Sawyer Cellars Estate Cabernet Sauvignon 2001
Cabernet Sauvignon from Napa Valley, California
The 2001 Cabernet Sauvignon shows all the characteristics of a fine Rutherford grown Cabernet Sauvignon. The nose is complex, filled with blackberry, current and spice aromas. On the palate, the dense blackberry is accompanied by extracts of cinnamon, bing cherry, mocha and hints of cedar, with the Rutherford characteristic dusty tannins on the finish.
Wine & Spirits - "Dense blackberry is accompanied by extracts of cinnamon, bing cherry, mocha and hints of cedar."
Sawyer Cellars Winery
In the heart of Napa Valley exists a charming, family-owned winery and estate dating back to the early 1930's. Sawyer Cellars is dedicated to making premium Estate wines, and sharing their unforgettable winery with their guests.
Here's what they like share about their wines: Our wines reflect the unique characteristics of each vintage and of the Rutherford growing district. It begins in the vineyard---as we use only a small percentage of the grapes grown on our estate, the fruit that is perfect to the eye and loaded with flavor. We hire harvest crews chosen for their selective picking techniques, and then we hand sort to insure we are using nothing but the finest fruit. Using gentle, gravity-fed systems in the winery, a judicious use of oak barrel aging in the finest French oak, and daily attention to the wines during aging, we produce the finest wines possible in small, select quantities. View all Sawyer Cellars Wines
About Napa Valley
It's hard not to think of Napa Valley when thinking of California wines. The region is, after all, the one that brought world recognition to California wine making. The area was settled by a few choice wine families in the 1960's who bet that the wines of the area would grow and flourish. They were right. The Napa wine industry really took off in the 1980's, when vineyard lands were scooped up and vines were planted throughout the county. A number of wineries emerged, from large conglomerates to small boutiques to cult classics. Cabernet Sauvignon is definitely the grape of choice here, with many winemakers also focusing on Bordeaux Blends. Whites are usually Chardonnay and Sauvignon Blanc.
Notable FactsWithin the Napa Valley lie smaller sub-AVAs that lend even more character specifics to the wines. Furthest south is Carneros, followed by Yountville, Oakville & Rutherford. Above those two is St.-Helena and finally, just grated an AVA, Calistoga. These areas are situated on the valley floor and are known for creating rich, smooth Cabernet Sauvignon, Merlot and Chardonnay. There are a few mountain regions as well, nestled on the slopes overlooking the valley AVAs. Those include Howell Mountain, Stags Leap and Mount Veeder. Wines from the mountain regions are often more structured and firm, benefiting from more time in the bottle to evolve and soften.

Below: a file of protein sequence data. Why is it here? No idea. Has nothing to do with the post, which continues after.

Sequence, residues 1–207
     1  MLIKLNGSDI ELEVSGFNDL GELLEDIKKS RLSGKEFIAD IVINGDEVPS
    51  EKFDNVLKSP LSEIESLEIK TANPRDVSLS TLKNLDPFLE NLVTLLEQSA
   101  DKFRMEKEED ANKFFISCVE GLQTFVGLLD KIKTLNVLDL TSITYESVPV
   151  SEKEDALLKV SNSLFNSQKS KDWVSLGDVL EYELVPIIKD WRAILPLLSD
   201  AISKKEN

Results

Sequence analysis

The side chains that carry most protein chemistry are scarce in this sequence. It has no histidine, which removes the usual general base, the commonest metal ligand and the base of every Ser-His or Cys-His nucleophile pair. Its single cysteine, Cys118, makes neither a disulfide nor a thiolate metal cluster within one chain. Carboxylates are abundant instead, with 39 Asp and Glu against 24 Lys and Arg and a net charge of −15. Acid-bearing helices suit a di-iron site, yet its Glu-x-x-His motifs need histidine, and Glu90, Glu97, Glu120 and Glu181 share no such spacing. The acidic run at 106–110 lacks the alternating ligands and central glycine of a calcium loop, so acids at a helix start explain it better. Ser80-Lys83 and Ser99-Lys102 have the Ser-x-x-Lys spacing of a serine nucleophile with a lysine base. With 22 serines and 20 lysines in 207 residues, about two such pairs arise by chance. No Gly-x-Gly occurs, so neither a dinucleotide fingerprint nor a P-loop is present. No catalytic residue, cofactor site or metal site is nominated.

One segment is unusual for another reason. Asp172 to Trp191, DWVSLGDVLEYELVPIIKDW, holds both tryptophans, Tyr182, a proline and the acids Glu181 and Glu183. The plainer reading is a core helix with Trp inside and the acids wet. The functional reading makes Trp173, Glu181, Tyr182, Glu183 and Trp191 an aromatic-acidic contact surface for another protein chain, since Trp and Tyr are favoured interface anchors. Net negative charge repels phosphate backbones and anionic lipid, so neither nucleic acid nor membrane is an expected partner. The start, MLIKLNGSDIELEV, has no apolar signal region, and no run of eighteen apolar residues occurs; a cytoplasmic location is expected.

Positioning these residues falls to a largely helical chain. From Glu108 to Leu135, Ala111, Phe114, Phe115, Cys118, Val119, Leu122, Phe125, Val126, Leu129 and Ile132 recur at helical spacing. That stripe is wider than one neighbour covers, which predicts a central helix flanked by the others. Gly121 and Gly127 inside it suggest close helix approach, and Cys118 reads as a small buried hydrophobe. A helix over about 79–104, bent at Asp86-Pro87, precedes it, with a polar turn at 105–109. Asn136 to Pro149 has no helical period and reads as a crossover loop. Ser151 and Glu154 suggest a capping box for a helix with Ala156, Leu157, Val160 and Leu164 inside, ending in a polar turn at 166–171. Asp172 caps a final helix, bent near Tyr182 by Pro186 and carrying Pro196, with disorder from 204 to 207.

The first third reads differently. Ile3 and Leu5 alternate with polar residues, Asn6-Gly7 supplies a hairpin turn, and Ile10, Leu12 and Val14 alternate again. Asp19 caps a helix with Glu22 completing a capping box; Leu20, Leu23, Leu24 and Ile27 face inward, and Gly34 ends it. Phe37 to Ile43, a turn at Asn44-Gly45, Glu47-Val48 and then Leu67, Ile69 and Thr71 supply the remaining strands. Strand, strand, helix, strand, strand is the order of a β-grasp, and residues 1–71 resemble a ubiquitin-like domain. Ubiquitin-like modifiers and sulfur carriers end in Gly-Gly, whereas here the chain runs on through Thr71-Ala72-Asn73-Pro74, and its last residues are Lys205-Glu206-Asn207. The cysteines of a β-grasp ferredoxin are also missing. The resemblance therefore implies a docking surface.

About CaliforniaIt's not rare to see a wine's country of origin listed as "California." A country into itself in the wine world, California makes enough varieties and styles to match many European wine countries. It produces a diverse range of wines that span the quality spectrum.
The most famous of the California wine regions is Napa Valley, and these wines are certainly outstanding – but it's not as broad and diverse as its larger neighbor, Sonoma County. Down south, Santa Barbara's Santa Maria Valley is well-known for its Rhône blends, as well as cool-climate varieties like Pinot and Chardonnay. The Central Coast, the largest California AVA, has many different microclimates that lead to a wide range of wines with many sub-AVAs.
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Alcohol By Volume GuideMost wine ranges from 10-16% alcohol by volume. Some varietals tend to have higher (for example Zinfandel and Cabernet Sauvignon) or lower alcohol levels (Pinot Noir and many white varietals), but there is always some variation from producer to producer. Some wine falls outside of this range, for instance Port weighs in closer to 20%, while Muscat and Riesling are usually a bit below 10%.
Wine Style Guide
Light & Crisp
- Light to medium bodied wines that are high in acid and light to medium fruit. Typically no oak.
Fruity & Smooth
- Light to medium bodied wines with lots of juicy fruit, typically medium acid and medium oak.
Rich & Creamy
- Full bodied wines that have typically undergone malo-lactic fermentation and/or spent time in oak.